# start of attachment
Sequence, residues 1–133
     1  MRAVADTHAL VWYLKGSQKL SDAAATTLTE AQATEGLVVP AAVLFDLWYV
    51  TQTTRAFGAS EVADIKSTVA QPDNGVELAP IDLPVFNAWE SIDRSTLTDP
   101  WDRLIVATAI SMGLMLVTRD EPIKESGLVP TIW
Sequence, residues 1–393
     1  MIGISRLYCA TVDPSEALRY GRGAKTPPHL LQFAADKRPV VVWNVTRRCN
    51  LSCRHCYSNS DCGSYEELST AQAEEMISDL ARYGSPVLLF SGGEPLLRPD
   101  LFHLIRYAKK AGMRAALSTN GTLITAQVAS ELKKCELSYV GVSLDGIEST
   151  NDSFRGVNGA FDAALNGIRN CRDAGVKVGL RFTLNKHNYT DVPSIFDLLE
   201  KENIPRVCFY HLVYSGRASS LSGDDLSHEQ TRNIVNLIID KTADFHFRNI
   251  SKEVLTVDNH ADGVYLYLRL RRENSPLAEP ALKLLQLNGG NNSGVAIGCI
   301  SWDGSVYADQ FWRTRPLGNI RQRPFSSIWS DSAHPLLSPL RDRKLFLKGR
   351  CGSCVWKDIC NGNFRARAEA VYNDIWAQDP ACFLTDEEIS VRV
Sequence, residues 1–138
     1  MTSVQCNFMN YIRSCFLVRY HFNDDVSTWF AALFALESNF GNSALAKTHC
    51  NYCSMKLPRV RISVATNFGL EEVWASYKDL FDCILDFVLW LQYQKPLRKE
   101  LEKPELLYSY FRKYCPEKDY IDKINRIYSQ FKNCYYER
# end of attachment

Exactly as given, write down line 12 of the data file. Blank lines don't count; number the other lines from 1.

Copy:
   301  SWDGSVYADQ FWRTRPLGNI RQRPFSSIWS DSAHPLLSPL RDRKLFLKGR